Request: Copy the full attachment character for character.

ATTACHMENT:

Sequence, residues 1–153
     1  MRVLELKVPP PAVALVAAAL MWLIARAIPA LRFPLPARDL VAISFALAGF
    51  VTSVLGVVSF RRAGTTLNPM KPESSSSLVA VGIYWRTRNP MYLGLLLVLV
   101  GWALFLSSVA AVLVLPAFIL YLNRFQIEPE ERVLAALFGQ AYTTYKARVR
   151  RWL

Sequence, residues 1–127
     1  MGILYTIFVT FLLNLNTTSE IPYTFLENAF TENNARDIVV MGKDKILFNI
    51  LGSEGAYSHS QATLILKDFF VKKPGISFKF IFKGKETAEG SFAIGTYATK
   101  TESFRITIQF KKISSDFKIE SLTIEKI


Sequence, residues 1–153
     1  MRVLELKVPP PAVALVAAAL MWLIARAIPA LRFPLPARDL VAISFALAGF
    51  VTSVLGVVSF RRAGTTLNPM KPESSSSLVA VGIYWRTRNP MYLGLLLVLV
   101  GWALFLSSVA AVLVLPAFIL YLNRFQIEPE ERVLAALFGQ AYTTYKARVR
   151  RWL

Sequence, residues 1–127
     1  MGILYTIFVT FLLNLNTTSE IPYTFLENAF TENNARDIVV MGKDKILFNI
    51  LGSEGAYSHS QATLILKDFF VKKPGISFKF IFKGKETAEG SFAIGTYATK
   101  TESFRITIQF KKISSDFKIE SLTIEKI